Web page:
I’ve only ever been able to reliably read one book at a time. If ever I tried to read more than one, they had to be wildly different. One fiction and one non-fiction could work.
Lately I’ve started reading more than one book at the same time. There’s no special reason for this other than I’m still getting the hang of using library holds. Sometimes I go flipping through the Austin Library catalog and placing a hold on something I’d like to read someday, but that day often comes sooner than I’d expected. So I set out to juggle multiple books and I’ve found I actually like it.
Here’s what I’m reading right now:
- Agee on Film by James Agee
- Sculpting in Time by Andrey Tarkovsky
- Up in the Old Hotel by James Mitchell
They’re all non-fiction, and two are about the cinema. I thought they would start blending together in my head, which is why I usually refuse to read more than one thing at once, but that’s not happening. Instead I’m getting different things out of each, and it’s actually refreshing to put one down and skip to another.
The Agee book I read solely for the author’s prose style. The trouble with reading any film book is I’m often compelled to try to keep up with the movies discussed. But with something like Agee’s book, which is a collection of his film column in The Nation during the 1940s, it’s almost impossible to keep up. The author mentions too many films, some of which, I think, may have been lost or made extremely difficult to find over the decades.
Instead of sweating what movies Agee is talking about, I’m simply reading to see how he talks about them. That makes for an extremely enjoyable read. It’s useful to me since, you know, I’m supposed to write about movies on this site. Reading others, in an era far removed from my own, offers a nice perspective. I highly recommend Agee on Film to anyone with a critical eye who doesn’t want to necessarily write straightforward reviews to films.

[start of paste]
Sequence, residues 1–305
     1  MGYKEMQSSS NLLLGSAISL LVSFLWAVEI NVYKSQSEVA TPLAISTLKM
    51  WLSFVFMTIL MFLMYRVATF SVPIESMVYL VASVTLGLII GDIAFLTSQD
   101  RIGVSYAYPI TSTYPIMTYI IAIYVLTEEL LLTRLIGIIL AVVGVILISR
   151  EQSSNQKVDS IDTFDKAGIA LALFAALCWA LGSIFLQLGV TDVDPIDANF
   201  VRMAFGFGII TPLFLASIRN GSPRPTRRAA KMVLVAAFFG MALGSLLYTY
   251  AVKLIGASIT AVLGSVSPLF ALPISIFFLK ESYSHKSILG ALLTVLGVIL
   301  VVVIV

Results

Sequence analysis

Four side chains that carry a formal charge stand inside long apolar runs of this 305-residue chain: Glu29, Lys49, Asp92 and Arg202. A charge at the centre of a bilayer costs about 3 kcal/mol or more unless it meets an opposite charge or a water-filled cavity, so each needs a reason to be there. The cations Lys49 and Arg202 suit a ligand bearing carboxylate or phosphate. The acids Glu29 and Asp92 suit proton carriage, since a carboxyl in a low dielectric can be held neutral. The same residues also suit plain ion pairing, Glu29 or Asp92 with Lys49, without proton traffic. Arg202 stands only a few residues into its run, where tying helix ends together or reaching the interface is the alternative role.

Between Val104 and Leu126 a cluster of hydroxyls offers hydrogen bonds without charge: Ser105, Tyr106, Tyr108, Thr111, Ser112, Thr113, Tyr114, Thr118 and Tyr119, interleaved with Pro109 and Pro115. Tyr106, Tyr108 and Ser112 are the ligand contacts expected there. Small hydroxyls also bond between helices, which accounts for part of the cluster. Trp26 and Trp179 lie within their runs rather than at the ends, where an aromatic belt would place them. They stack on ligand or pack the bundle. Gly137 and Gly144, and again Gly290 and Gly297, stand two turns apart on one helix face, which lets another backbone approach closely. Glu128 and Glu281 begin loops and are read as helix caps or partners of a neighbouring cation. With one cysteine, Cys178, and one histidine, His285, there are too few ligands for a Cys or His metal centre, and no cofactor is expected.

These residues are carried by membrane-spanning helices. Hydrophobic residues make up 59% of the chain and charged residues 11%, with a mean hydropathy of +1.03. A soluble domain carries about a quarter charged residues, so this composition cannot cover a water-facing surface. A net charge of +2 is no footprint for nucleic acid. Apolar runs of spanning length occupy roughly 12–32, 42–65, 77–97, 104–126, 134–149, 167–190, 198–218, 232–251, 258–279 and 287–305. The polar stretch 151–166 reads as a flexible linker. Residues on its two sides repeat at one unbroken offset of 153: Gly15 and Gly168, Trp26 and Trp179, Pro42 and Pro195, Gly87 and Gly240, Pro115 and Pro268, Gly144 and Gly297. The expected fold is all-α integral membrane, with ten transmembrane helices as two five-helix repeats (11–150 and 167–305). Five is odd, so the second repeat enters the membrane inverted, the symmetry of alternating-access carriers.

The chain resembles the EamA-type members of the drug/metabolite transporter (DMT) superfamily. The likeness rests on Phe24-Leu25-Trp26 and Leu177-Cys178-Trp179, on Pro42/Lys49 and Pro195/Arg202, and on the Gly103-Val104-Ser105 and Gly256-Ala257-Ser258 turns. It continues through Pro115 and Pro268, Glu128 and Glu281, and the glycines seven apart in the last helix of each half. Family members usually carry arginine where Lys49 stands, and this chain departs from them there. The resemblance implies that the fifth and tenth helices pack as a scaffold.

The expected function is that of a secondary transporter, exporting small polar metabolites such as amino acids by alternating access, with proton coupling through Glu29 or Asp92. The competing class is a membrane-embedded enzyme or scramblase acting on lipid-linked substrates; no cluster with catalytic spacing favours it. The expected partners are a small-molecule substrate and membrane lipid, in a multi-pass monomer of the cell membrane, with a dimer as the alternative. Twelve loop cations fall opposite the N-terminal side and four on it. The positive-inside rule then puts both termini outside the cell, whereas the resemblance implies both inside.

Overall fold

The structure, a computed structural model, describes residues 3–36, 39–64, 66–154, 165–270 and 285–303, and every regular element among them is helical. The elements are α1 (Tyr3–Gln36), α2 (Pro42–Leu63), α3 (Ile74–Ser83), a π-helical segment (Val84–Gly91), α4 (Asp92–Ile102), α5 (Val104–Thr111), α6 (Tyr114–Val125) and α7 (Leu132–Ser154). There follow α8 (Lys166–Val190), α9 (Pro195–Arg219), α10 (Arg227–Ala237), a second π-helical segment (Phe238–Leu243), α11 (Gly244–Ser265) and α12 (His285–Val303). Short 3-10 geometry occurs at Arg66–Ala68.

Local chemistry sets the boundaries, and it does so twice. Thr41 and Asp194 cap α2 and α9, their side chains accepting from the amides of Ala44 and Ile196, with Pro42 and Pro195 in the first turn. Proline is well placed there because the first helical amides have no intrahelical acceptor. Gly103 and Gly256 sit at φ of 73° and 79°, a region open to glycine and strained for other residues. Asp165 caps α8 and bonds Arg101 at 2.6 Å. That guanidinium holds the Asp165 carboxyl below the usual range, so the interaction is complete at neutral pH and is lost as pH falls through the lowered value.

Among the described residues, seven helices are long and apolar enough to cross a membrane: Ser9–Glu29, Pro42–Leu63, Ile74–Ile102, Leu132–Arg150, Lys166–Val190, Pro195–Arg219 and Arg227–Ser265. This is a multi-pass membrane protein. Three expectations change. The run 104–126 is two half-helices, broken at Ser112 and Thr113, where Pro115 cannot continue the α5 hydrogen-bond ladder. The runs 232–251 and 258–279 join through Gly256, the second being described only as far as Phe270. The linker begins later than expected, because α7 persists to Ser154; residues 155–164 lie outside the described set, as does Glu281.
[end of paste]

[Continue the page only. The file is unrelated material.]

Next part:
I can’t quite recall why I sought out Sculpting in Time. Tarkovsky is a filmmaker whose work I always wanted to give a close look, though until recently I don’t think I’ve ever seen a complete film of his. This book contains some of the most beautiful writings on the cinema I’ve encountered. The way he speaks of the cinema is something I can easily get behind. And since I’m reading the book, I’m working my way through a selection of his films as well.1 It’s not necessary, but for me the timing was right.
Up in the Old Hotel is just an indulgence. It’s been on my list of books to read ever since John Gruber mentioned it on The Talk Show all the way back in December of 2013. It’s a collection of Joseph Mitchell’s New Yorker pieces from the 1940s, and it’s just plain incredible writing. He follows larger than life characters that may go unnoticed by most and paints an unforgettable picture of them. So far: saloon regulars, a Bowery movie theater owner, a down and out Harvard man, an old man who puts his oddities on display as a museum, and a fiery street preacher. Both journalistically and artistically, Mitchell’s work is something to behold, and perhaps even aspire to.
And so I bounce between these three books and I get something different from each. One inspires me to write about the cinema, one gives me a lot to think about on the nature of cinema, and one transports me to another place and time. If anything is going to get muddled in my head, it’s the Agee and Mitchell books, being that they’re from the same era. But they’re so different that no overlap has occurred yet.
Of course…a few other library holds have just come due. I think three is my limit, though. Maybe I’ll see if I can pack in a few more.
To date I’ve watched: Ivan’s Childhood, The Mirror and Stalker. Long ago I saw his short take on The Killers, featured on Criterion’s excellent box set of the Robert Siodmak and Don Siegel* versions of the Hemingway short story.
* Speaking of Don Siegel, I’ve had a copy of his A Siegel Film for years, but I’ve never read it because I feel I’d need to watch all of his films as I go. Maybe that can be my next reading project… ↩︎